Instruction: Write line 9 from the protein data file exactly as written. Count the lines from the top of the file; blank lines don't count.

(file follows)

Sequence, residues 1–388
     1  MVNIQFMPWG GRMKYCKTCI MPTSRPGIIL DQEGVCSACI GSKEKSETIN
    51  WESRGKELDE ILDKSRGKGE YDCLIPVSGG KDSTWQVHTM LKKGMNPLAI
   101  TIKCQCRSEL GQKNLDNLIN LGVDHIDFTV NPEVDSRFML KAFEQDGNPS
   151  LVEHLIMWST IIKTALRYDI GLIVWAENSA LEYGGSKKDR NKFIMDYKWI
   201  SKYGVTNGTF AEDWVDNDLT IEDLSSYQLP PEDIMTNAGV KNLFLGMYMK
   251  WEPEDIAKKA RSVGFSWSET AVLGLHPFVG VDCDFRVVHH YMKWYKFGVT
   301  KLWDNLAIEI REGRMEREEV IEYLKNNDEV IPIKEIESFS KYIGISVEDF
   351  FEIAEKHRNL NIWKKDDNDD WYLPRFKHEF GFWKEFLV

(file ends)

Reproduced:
   351  FEIAEKHRNL NIWKKDDNDD WYLPRFKHEF GFWKEFLV